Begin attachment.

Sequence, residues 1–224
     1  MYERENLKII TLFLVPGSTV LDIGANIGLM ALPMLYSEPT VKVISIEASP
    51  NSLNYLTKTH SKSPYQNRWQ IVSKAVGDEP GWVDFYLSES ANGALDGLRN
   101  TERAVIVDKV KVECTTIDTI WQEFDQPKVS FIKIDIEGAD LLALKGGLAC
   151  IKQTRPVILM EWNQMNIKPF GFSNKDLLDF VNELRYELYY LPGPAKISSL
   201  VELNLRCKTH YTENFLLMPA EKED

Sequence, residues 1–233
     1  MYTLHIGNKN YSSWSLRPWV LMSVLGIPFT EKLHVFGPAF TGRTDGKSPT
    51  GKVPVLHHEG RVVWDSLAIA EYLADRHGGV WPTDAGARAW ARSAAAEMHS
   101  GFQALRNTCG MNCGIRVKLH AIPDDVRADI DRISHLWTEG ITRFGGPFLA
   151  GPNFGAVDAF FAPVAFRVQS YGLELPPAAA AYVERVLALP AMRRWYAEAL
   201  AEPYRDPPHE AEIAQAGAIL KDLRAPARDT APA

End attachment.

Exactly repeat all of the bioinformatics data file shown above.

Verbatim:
Sequence, residues 1–224
     1  MYERENLKII TLFLVPGSTV LDIGANIGLM ALPMLYSEPT VKVISIEASP
    51  NSLNYLTKTH SKSPYQNRWQ IVSKAVGDEP GWVDFYLSES ANGALDGLRN
   101  TERAVIVDKV KVECTTIDTI WQEFDQPKVS FIKIDIEGAD LLALKGGLAC
   151  IKQTRPVILM EWNQMNIKPF GFSNKDLLDF VNELRYELYY LPGPAKISSL
   201  VELNLRCKTH YTENFLLMPA EKED

Sequence, residues 1–233
     1  MYTLHIGNKN YSSWSLRPWV LMSVLGIPFT EKLHVFGPAF TGRTDGKSPT
    51  GKVPVLHHEG RVVWDSLAIA EYLADRHGGV WPTDAGARAW ARSAAAEMHS
   101  GFQALRNTCG MNCGIRVKLH AIPDDVRADI DRISHLWTEG ITRFGGPFLA
   151  GPNFGAVDAF FAPVAFRVQS YGLELPPAAA AYVERVLALP AMRRWYAEAL
   201  AEPYRDPPHE AEIAQAGAIL KDLRAPARDT APA